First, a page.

Are we reaching a constitutional moment in Peru? If so, what constitutional reforms are necessary to reestablish and rebalance the division of powers that will respond to citizens' demands, particularly those of marginalized populations?

A constitutional moment? 

Any constitutional moment requires, in the first place, the recognition of the principle of popular sovereignty. This principle is considered an essential part of the constituent power because it allows the incorporation of social movements, public opinion, and other actors in a participatory democracy. Political forces are obliged to listen to and observe the will of citizens as expressed in demonstrations in the streets, squares and highways.  

Secondly, there is a need for political forces and leaders to be capable of assessing popular demands, both for elections and for the necessary reforms of the constitution. Otherwise, constitutional reforms could be instrumentalized by political, economic and media power groups, not as a guide for the basic common consensus of the society in transformation, but as a useful instrument to perpetuate their own interests. Currently, the political establishment is ignoring the population’s demands for new elections in 2023, and the conservative parliamentary majority is resisting the call for a referendum on establishing a constituent assembly, despite the fact that 69% of the population demands it: it is no wonder, then, that the Congress, which has historically suffered from a lack of legitimacy, has only 7% citizen approval.

Most of the population considers that Peru is facing a constitutional moment, arising due to the wear and tear of the 1993 Constitution in the post-pandemic period due to its politically centralist and economically and socially neoliberal model.

A third important element is the "constitutional moment", considered a historical period in which it is considered that a constitutional change could take place. At present, most of the population considers that we are facing a constitutional moment, arising due to the wear and tear of the 1993 Constitution in the post-pandemic period due to its politically centralist and economically and socially neoliberal model.

Beyond the massive indignation of the peoples of the southern Andean region and the population of the suburbs of Lima and other major cities, the contents of a constitutional reform that could channel the legitimate demands of popular sovereignty have not yet been clearly outlined. However, it is necessary to visualize the necessary changes in fundamental rights, the organization of power, and the constitutional economic regime that would be key issues in any future constitutional reform process.

A potential constitutional reform agenda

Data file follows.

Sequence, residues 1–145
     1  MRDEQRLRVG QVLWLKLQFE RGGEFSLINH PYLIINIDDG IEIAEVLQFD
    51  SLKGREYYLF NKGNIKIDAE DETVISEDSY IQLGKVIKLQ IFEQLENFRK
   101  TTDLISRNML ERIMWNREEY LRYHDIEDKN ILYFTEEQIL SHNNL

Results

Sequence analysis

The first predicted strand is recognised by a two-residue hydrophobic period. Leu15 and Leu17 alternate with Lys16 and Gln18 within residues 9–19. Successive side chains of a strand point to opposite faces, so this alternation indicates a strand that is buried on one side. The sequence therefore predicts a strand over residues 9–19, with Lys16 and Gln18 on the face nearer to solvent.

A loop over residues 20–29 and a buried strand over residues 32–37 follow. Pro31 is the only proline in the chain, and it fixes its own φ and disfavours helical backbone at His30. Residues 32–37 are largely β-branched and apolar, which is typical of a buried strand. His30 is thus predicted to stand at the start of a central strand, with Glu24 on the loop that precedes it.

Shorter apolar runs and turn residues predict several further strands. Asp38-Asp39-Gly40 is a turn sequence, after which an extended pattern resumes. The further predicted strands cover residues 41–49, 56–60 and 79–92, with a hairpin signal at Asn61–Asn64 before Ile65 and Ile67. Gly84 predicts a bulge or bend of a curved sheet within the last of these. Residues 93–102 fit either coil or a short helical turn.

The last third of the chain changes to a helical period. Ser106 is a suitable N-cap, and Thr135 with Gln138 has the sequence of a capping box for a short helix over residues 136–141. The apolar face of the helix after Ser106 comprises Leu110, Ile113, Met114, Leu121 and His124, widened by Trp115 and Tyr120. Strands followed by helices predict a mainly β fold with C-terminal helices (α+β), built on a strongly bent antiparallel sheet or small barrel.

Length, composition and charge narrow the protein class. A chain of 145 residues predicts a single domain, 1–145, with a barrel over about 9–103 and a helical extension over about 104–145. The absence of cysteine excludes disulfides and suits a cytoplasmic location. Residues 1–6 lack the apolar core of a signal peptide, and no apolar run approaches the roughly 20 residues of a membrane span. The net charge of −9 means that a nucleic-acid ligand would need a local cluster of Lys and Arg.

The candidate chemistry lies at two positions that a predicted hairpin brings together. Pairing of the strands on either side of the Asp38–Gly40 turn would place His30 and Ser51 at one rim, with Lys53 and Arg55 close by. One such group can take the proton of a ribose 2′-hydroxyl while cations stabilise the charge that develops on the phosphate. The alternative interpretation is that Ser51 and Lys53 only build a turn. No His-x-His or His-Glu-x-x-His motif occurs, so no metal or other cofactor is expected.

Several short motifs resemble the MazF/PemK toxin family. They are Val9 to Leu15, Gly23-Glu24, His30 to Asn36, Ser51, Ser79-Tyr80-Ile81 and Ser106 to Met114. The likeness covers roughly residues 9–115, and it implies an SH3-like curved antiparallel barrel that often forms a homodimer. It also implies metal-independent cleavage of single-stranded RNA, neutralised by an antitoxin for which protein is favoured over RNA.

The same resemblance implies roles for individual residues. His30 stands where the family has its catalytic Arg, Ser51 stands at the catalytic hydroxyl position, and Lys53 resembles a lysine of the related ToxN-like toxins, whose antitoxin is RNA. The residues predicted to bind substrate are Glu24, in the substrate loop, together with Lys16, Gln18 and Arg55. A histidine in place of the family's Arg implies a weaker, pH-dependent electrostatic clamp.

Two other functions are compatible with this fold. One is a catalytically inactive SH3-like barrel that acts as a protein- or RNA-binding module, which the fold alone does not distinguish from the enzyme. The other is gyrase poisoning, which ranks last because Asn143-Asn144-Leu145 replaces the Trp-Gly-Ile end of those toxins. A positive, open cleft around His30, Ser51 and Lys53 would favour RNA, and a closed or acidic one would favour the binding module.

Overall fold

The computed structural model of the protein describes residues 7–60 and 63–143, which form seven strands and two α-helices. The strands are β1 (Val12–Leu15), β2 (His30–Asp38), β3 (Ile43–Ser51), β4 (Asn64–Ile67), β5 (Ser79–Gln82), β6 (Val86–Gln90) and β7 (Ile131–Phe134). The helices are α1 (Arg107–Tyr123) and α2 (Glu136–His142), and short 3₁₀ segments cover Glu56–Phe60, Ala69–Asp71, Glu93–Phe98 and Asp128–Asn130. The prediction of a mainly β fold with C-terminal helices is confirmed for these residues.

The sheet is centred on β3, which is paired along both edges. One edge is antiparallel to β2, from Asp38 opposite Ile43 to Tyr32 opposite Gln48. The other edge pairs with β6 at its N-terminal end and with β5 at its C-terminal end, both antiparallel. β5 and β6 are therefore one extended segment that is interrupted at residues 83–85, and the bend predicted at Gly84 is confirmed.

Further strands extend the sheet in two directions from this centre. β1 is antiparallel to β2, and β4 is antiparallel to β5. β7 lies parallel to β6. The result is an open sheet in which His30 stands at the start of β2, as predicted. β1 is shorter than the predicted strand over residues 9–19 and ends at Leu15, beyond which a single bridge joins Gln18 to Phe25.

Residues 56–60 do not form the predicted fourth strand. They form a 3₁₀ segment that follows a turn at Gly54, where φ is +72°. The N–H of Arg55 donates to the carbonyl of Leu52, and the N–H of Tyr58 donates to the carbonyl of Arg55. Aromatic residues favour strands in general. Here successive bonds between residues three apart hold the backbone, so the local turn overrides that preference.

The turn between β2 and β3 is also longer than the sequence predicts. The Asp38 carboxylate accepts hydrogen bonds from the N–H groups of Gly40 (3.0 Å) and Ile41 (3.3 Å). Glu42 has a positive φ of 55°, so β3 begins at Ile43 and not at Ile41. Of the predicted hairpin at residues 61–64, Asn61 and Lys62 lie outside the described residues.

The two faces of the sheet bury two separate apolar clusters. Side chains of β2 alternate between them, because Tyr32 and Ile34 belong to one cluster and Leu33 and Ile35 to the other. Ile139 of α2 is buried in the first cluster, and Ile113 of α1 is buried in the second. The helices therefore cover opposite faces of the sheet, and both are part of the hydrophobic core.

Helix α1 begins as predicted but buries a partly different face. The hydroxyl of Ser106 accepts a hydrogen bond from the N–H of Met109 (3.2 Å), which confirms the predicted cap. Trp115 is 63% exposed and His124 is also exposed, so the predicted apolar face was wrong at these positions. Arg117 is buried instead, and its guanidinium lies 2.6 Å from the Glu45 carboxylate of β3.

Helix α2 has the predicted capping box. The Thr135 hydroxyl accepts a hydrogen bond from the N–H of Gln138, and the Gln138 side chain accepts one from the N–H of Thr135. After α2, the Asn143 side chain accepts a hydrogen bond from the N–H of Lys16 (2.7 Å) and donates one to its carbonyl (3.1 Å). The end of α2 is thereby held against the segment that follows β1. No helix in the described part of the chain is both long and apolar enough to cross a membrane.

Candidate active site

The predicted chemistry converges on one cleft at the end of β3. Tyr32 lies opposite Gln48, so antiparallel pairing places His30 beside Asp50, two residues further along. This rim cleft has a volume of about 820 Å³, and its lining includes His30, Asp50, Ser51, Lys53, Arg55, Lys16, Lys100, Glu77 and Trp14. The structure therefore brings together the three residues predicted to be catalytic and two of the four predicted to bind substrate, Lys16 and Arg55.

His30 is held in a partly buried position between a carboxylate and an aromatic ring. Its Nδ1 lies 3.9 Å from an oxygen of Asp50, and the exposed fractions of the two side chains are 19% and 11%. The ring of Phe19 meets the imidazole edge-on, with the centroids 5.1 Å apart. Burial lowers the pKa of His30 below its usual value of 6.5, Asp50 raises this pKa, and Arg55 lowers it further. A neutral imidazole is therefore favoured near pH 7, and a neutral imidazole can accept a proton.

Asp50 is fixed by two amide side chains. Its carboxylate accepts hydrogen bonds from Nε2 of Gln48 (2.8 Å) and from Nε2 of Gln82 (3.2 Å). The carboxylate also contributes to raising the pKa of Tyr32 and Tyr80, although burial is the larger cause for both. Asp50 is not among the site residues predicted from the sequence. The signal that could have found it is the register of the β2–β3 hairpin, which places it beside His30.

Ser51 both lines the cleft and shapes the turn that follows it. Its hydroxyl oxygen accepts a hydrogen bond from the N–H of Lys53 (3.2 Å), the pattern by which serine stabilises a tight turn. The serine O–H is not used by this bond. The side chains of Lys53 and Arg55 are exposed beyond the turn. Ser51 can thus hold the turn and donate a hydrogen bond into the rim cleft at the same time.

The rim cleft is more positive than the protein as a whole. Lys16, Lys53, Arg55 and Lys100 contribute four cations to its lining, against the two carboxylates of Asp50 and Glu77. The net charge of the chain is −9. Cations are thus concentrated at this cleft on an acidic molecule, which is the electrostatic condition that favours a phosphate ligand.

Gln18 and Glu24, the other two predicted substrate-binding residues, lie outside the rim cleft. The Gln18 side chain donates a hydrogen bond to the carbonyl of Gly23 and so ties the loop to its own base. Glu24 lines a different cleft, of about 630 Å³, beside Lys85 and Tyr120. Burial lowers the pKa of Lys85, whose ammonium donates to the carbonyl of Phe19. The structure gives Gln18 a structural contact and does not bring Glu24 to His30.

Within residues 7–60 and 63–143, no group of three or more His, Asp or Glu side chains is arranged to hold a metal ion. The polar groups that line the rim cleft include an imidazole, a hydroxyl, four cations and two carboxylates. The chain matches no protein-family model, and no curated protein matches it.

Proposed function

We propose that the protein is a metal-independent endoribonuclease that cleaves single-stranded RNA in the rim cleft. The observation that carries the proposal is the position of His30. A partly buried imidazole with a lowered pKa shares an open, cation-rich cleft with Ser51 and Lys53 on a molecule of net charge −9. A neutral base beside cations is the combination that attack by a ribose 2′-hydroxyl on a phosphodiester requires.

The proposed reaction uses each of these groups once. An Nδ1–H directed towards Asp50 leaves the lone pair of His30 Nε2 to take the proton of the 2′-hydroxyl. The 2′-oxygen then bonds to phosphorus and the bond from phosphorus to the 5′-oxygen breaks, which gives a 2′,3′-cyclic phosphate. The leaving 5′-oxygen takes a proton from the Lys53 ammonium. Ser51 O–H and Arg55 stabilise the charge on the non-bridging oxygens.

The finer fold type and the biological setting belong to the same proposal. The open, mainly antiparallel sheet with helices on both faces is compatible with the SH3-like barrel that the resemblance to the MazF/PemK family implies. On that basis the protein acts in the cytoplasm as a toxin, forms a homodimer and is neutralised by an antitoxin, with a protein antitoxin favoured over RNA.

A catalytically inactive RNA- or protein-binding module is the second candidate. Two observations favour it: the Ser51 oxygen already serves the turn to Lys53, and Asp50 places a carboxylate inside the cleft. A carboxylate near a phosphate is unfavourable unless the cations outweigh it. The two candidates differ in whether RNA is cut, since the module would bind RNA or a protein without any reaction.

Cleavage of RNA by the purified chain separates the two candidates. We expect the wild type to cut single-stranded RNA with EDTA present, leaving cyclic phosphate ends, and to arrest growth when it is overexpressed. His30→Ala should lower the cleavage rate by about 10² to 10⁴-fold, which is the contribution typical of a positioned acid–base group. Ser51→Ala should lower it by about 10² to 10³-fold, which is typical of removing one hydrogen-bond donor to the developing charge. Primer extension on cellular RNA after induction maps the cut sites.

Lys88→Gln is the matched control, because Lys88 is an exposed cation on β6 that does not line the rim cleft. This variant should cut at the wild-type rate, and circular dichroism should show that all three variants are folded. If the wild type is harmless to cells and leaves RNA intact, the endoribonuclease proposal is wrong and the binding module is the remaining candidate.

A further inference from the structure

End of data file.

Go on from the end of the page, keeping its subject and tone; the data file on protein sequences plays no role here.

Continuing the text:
When thinking about a solution to the current political crisis, it is important that reforming sentiments be channeled towards constitutional reflection and debate. To this end, the old notion of constitutional governance should be recovered, as an ideology that protects rights and freedoms and controls the excesses of public and private power. At the same time, it is important to discuss new elements that shape modern societies: the values of solidarity in a multiethnic society, the decentralization of power, and the link between economic elites and a moral duty to return benefits to the community.

Therefore, we must start with the recognition of the ‘new subjects’ demanding inclusion. Vulnerable groups, such as the original Indigenous peoples and their suburban heirs, are at present postulating not only socio-economic reforms, but also political reforms that would transcend their position as a governed people to become a governing people. The most vital suggested reforms fall into three categories:

  • Rights: The recognition of new rights, such as the right to prior consultation for projects that impact Indigenous peoples or their territories; quality education; the right to internet; the right to food, health, and universal minimum pension, and outlawing the precarization of employment.
  • Distribution of power and accountability: Effective decentralization of public power; limiting the grounds for presidential impeachment; staggered renewal of parliamentary mandates; transparency in public spending; representative recall; safeguarding the autonomy of the attorney general, the Supreme Court, the Constitutional Court, and the electoral bodies; and suspending immunity for crimes of corruption.
  • Economic reform: Incorporate sustainable development into the economic model of the country; protect natural resources and the environment for the benefit of local inhabitants; create a duty to contribute financially according to economic capacity; formalize small businesses; and penalize monopolies.


The Constitution, having a historical origin, is subject to the social changes of its time, but the current gap between its legal mandates and the political reality has created a social conflict that has put the very legitimacy of the constitutional state in crisis. Therefore, an alternative out of crisis is the proposal of a constituent assembly, as channeling the historical demands of citizens requires a constituent process that could create dialogue and restore social consensus based on the necessity of incorporating new subjects, the protection of new rights, and better control of the traditional public and private powers.

Professor César Landa is a professor of Constitutional Law at the Pontifical Catholic University of Peru, Former President of the Constitutional Tribunal of Peru and Vice President of the International Association of Constitutional Law.

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Suggested citation: César Landa, ‘The political crisis in Peru: is there a constitutional solution?’, ConstitutionNet, International IDEA, 27 February 2023,

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Disclaimer: The views expressed in Voices from the Field contributions are the author's own and do not necessarily reflect International IDEA’s positions.